18, 2003 11:29 PDT
Chips Off the Oldest Blocks
Beth Applegate of the National Tree Trust and Jared Milarch of
the Champion Tree Project hold seedlings from the oldest known
bristlecone pine, Methuselah, age 4,768, and the largest
specimen, Patriarch, a mere 1,500 years old. (Dayna Smith -- The
By Rick Weiss
Washington Post Staff Writer
Monday, June 16, 2003; Page A01
When they finally found it, high in California's rugged White
Mountains, the tree looked a lot like the other stunted and
windblown evergreens scattered about: a twisted mass of
sun-bleached wood, stubborn green needles and gray crusts of
But this particular bristlecone pine was different. Nicknamed
Methuselah, it has clung to its rocky patch of ground near the
Nevada border for the past 4,768 years, making it the oldest
known living tree on the planet.
Its precise location is known to just a few -- a necessary
protection against souvenir hunters and tourists with penknives,
the U.S. Forest Service says. But having been sworn to secrecy,
Jared Milarch, 23, approached the world's most ancient tree in
October and introduced it to the modern world of science. He was
there to clone old Methuselah -- to cultivate genetically
identical seedlings and then distribute them for study,
celebration and show.
Last week Milarch and his dad, both Michigan arborists, flew
into Washington with two Methuselah seedlings that grew out of
that partly successful effort -- three-inch tufts of baby green
needles to be donated to the U.S. Botanic Garden at the foot of
But that's just the beginning, Milarch says. He envisions
Washington's streets eventually lined with clones of many of the
nation's most extraordinary trees -- even dead ones, like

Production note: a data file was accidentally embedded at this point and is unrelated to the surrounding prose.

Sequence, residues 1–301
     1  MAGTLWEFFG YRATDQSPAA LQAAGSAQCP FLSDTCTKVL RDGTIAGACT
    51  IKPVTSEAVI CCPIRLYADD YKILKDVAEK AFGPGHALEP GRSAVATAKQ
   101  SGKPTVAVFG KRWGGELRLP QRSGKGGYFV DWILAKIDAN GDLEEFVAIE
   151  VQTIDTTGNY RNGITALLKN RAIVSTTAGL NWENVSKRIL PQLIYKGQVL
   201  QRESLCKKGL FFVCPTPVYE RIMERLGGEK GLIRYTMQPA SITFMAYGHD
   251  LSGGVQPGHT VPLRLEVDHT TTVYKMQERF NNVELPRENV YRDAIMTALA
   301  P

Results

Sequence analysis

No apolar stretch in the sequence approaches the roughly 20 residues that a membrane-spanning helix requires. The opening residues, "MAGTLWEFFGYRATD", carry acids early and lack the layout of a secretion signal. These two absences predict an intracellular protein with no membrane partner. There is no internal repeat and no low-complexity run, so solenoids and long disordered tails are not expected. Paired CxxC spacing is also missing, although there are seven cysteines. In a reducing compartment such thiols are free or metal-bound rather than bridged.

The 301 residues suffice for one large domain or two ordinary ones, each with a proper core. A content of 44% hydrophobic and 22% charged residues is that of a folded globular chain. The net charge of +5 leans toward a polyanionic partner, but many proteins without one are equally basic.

Maryland's famous Wye Oak, which scientists managed to clone
shortly before it blew down last year. The District would become
a living museum of some of the biggest and oldest trees in the
"It beats Jurassic Park," Milarch said last week at
Mount Vernon, where the bristlecone seedlings will be cared for
in a greenhouse until they are formally donated to the botanic
garden next month.
Just a few decades ago, Washington was known as the City of
Trees, but no longer. Urban development and pollution have taken
a heavy toll, and today 23,000 of the District's onetime trove
of approximately 130,000 street trees have been reduced to
patches of dirt. The loss goes beyond shade and aesthetics.
Trees clean the air and reduce runoff and soil erosion.
Now the Milarches -- in conjunction with the National Tree Trust
and the Casey Trees Endowment Fund, a local philanthropy -- are
developing a plan to rebuild and maintain the District's urban
canopy with a novel emphasis on "champion trees," a
term reserved for the largest individuals of each species.
The Milarches, through their nonprofit Champion Tree Project,
have been working with the Tree Trust to make clones of all 850
or so national champions registered by the group American
Forests. Several have been planted at historic sites including
Arlington Cemetery, the U.S. Capitol, Mount Vernon and the Sept.
11, 2001, memorial at the Pentagon. But if the new partnership
works out, many more of Washington's streets and parks could be
sporting genetic knockoffs of the nation's biggest trees.
It takes more than genes to make a champion, of course.
Location, care and just plain luck all contribute to a tree's
longevity and size, so there is no guarantee that a clone of a
champion will thrive in the middle of Thomas Circle. But a tree
is unlikely to grow into a champion unless it has the right
genetic stuff, such as resistance to disease and drought,
horticulturists agree. So if properly selected, the odds of
robust survival are good.
Equally important, said Barbara Shea, president of the Casey
endowment's board, the buzz generated by the seedlings' origins
may inspire community members to give a little extra care to the
trees, a crucial ingredient in the survival of any urban tree.
Imagine making clones of the country's biggest white ash, a
fabulous giant now growing in New York State, and planting some
on New York Avenue, Shea said. Or using clones of Maryland's
hulking Wye oak to fill some of the leafless stretches of
"We Americans love the biggest, the best, the
fastest," Shea said. "If these trees do nothing else